Duluth Skyline.jpg 279,771 N/A N/A N/A
Total CSA/CMA of major metro areas Great Lakes from space.jpg 59,781,623 65,735,336 6,234,698 10.0


A. ^ a Various sources include Montreal and Ottawa in the megalopolis, while excluding Minneapolis–Saint Paul, Kansas City, Cincinnati, Indianapolis, Louisville, and Columbus.[16]


See also


  1. Bell, Daniel; Stephen Richards Graubard (1997). Toward the year 2000: work in progress. MIT Press. p. 87. ISBN 0-262-52237-3.<templatestyles src="Module:Citation/CS1/styles.css"></templatestyles>
  2. 2.0 2.1 Cities: Capital for the New Megalopolis.Time magazine, November 4, 1966. Retrieved on July 16, 2010.
  3. Doxiadis, Constantinos. (1970) The Great Lakes Megalopolis. Doxiadis Assoc.
  4. MegaCensusReport.indd
  5. "About Our Great Lakes -Great Lakes Basin Facts- NOAA Great Lakes Environmental Research Lab (GLERL)". Retrieved 2012-04-19.<templatestyles src="Module:Citation/CS1/styles.css"></templatestyles>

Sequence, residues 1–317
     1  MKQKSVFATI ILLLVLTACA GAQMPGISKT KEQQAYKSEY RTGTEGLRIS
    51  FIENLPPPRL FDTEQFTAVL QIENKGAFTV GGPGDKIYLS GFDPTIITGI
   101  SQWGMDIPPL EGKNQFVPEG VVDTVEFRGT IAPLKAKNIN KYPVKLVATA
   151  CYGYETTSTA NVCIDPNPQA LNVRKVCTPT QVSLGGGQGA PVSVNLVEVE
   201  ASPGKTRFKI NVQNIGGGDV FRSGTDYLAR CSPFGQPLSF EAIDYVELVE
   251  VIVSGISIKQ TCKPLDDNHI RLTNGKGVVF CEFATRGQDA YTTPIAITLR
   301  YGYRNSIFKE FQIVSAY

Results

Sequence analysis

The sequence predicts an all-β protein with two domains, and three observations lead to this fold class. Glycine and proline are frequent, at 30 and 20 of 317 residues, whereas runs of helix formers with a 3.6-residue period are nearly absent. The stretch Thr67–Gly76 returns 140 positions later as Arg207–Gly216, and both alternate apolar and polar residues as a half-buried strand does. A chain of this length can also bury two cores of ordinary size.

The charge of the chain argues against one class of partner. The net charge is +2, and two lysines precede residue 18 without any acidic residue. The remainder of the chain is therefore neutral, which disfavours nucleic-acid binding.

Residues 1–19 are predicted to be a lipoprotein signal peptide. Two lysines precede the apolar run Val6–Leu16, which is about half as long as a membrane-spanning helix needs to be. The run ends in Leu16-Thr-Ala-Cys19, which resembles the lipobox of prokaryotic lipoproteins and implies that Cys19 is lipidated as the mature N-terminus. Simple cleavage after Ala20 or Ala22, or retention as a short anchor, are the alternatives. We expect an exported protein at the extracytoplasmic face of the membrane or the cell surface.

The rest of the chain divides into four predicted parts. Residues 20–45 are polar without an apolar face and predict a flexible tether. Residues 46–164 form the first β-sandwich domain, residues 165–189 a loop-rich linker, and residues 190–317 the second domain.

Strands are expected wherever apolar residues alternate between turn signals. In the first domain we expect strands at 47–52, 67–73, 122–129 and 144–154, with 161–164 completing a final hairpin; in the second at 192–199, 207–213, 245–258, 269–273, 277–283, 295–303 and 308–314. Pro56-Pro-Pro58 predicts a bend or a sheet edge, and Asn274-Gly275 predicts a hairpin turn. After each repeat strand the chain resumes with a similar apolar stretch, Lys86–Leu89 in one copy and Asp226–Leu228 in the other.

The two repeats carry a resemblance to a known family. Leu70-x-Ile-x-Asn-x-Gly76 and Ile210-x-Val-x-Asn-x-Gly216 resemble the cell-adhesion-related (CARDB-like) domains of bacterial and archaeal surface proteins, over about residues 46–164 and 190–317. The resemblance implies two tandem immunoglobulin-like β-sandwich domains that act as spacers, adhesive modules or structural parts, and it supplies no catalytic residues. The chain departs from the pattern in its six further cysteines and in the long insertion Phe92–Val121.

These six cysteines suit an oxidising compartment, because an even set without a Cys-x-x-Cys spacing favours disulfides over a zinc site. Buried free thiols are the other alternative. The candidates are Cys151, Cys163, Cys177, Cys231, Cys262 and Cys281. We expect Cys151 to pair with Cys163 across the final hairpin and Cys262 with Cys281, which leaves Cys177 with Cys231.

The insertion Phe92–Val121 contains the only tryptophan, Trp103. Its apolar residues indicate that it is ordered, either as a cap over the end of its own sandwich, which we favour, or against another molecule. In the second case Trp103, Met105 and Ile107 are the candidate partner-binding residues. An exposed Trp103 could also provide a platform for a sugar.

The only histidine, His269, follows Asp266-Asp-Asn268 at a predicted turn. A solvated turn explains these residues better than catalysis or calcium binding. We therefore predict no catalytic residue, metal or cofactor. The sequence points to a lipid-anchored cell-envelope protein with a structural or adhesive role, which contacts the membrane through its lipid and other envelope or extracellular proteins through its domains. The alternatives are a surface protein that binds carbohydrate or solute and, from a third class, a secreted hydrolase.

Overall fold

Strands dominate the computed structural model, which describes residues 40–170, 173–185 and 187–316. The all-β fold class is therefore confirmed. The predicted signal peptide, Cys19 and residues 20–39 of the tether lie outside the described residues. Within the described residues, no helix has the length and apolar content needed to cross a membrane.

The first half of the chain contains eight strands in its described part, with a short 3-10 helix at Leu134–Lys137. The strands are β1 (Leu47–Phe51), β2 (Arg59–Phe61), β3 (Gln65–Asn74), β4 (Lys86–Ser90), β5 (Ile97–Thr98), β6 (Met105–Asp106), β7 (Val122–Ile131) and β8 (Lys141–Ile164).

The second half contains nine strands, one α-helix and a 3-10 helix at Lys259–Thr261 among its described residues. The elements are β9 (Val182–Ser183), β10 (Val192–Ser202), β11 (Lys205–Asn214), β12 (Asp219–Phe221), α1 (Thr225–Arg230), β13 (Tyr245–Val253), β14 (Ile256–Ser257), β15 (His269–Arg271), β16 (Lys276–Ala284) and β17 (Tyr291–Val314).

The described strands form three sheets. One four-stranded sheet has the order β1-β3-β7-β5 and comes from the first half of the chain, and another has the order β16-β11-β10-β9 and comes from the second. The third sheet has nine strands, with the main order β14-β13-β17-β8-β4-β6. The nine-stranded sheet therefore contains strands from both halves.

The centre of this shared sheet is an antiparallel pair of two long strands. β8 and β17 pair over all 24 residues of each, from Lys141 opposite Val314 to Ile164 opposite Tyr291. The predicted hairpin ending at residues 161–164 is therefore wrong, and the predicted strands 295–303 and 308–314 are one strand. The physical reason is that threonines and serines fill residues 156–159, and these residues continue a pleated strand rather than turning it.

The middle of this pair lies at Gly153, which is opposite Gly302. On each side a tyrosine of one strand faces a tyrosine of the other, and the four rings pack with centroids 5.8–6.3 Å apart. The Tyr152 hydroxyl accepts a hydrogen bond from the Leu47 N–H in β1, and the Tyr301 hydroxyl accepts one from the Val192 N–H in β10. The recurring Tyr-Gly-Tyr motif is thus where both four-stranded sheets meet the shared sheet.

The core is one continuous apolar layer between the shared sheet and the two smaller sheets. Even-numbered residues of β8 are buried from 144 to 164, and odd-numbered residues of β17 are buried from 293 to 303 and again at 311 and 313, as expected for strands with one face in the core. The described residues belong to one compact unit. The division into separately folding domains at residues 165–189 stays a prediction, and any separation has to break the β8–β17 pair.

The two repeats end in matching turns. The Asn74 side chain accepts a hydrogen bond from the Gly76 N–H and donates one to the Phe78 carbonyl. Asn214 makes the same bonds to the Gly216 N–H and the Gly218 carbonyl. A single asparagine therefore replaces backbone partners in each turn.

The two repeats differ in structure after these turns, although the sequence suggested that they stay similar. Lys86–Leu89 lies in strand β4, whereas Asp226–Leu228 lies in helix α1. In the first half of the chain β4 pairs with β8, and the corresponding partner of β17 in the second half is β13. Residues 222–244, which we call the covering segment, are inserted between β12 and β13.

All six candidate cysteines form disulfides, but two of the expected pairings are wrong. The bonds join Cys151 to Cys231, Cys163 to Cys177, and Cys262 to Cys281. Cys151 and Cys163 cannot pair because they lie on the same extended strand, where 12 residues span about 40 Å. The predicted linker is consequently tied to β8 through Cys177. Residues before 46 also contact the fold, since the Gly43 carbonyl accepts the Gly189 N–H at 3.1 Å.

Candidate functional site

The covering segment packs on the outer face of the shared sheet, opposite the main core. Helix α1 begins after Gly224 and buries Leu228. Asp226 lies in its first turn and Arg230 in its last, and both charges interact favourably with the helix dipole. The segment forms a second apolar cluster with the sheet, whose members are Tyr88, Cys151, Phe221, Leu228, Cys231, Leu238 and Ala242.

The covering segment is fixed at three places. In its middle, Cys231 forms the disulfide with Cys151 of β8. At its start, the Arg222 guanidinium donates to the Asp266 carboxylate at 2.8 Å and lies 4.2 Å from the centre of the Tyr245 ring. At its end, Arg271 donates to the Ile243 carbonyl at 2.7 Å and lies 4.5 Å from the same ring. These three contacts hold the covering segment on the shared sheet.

6. 6.0 6.1 "Economy of the Great Lakes Region". 2012-04-13. Retrieved 2012-04-19.<templatestyles src="Module:Citation/CS1/styles.css"></templatestyles>
  7. U.S Army Corps of Engineers (January 2009).Great Lakes Navigation System: Economic Strength to the Nation. Retrieved on April 11, 2011.
  8. America 2050: Megaregions: Great Lakes. Regional Plan Association.
  9. Our lakes facts. NOAA. Retrieved July 25, 2011.
  10. U.S Army Corps of Engineers (January 2009).Great Lakes Navigation System: Economic Strength to the Nation. Retrieved on July 25, 2011.
  11. Great Lakes Cruising Coalition Retrieved on July 25, 2011.
  13. Federation for American Immigration Reform
  14. Ontario Population Projections Update
  15. Institut de la statistique Quebec
  16. Example: Great Lakes Megalopolis (PDF) (Map). The Center for Urban and Regional Studies, Youngstown State University. 2005.<templatestyles src="Module:Citation/CS1/styles.css"></templatestyles>